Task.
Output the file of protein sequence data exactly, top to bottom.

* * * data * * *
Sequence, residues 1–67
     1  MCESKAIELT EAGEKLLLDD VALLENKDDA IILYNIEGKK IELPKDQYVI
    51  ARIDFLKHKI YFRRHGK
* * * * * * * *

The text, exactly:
Sequence, residues 1–67
     1  MCESKAIELT EAGEKLLLDD VALLENKDDA IILYNIEGKK IELPKDQYVI
    51  ARIDFLKHKI YFRRHGK